Categorized | Canadian Politics

Patrick Brown promises PCs would bring hydro bill relief, new subways, lower taxes

Posted on 01 December 2017 by admin

The Tory leader unveiled a “People’s Guarantee” at the Progressive Conservative policy convention Saturday in Toronto, pledging not to run for a second term if he fails to deliver on five major commitments.

 A Progressive Conservative government would reduce hydro rates by 12 per cent, invest $5 billion in new TTC subways that would be owned by Queen’s Park, and cut income taxes and child-care costs.

If Tory Leader Patrick Brown fails to meet any of his five major commitments in the glossy 78-page, 147-promise “People’s Guarantee,” he will not seek a second term as premier, according to a pledge he signed at the party’s policy convention Saturday.

“That’s my guarantee — the People’s Guarantee,” Brown told 1,500 PC delegates at the Toronto Congress Centre.

“At its core it’s very simple. It’s a recognition of the need for change that works for you, the people, not the insiders,” he said, urging Ontarians to help him topple Premier Kathleen Wynne’s Liberals in the election on June 7, 2018.

As exclusively first disclosed by the Star, Brown is promising to reduce middle-class provincial income tax rates by 22.5 per cent and upload the Toronto Transit Commission’s subways in order to bankroll more expansion as it becomes more of a regional transportation service beyond the city’s borders.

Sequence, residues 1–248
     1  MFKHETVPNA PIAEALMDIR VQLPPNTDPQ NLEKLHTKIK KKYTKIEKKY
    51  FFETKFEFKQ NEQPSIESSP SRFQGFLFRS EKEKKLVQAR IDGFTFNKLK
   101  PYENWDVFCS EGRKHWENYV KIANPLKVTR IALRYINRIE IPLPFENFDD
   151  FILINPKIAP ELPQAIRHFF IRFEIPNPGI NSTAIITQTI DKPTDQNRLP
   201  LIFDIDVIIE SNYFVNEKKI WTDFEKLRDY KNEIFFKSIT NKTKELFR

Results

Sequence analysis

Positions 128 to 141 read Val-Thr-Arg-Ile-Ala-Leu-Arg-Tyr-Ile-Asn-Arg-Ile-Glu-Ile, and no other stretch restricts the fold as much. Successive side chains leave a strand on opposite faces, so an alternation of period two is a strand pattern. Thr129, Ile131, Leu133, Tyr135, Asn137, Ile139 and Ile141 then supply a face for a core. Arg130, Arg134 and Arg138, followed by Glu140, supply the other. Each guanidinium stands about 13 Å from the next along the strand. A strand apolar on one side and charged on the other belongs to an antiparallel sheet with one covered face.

Taking a dig at Wynne, Brown boasted that “with our platform, you will pay less and you will get more,” to cheers from the crowd of loyalists hoping to end what will be 14 years of Liberal rule at Queen’s Park.

Speaking for the government, Transportation Minister Steven Del Duca questioned what services the PC leader would have to chop to pay for the tax breaks and other measures.

“I’m calling on him to step up and be honest with the people of Ontario,” Del Duca told reporters, recalling the cuts that took place after the PCs under Mike Harris were elected in 1995, including an end to the previous NDP government’s Eglinton subway line and the privatization of Hwy. 407.

Conservative leaders “have an extraordinary track record of telling the people of this province one thing … ‘You can get everything under the sun … it’s going to be all sunshine and rainbows. Just elect us,’” said Del Duca. “But they won’t divulge that they plan to ‘kill and fill’ a subway line, close schools or put tolls on a highway and sell it to a foreign country.”

New Democrats echoed those concerns.

“I’d be very, very worried about what was not signed on a pledge form today. We’ve never seen a Conservative government elected in Canada that doesn’t cut and privatize,” said Michael Balagus, chief of staff to NDP Leader Andrea Horwath.

“And that was not on the pledge form.”

Brown ended his 30-minute speech with an acknowledgment that “the next six months will not be easy” as the party tries to reverse four consecutive election defeats. “I will be tested. You will be tested,” he warned PC activists, MPPs and candidates.

On transit, a Tory administration would cover maintenance costs for subway stations, though the TTC would still keep the fare box revenue and own and operate surface bus and streetcar routes.

Brown’s government would also assume the city’s current $1-billion commitment for the controversial Scarborough subway, freeing up that municipal cash to extend the Eglinton Crosstown light rail transit line to the University of Toronto’s Scarborough campus.